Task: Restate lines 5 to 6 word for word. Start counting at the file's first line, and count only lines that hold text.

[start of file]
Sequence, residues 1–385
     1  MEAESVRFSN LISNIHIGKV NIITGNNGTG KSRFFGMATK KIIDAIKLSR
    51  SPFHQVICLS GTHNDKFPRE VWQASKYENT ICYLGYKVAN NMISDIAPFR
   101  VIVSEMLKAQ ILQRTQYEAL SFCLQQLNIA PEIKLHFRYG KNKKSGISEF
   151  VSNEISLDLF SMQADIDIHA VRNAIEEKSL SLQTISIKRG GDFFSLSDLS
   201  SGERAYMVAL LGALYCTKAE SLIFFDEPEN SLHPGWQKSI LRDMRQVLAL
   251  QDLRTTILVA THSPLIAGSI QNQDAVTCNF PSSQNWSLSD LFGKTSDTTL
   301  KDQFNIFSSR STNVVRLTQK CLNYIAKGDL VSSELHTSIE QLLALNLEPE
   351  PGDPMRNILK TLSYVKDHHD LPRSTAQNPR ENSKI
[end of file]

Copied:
   151  VSNEISLDLF SMQADIDIHA VRNAIEEKSL SLQTISIKRG GDFFSLSDLS
   201  SGERAYMVAL LGALYCTKAE SLIFFDEPEN SLHPGWQKSI LRDMRQVLAL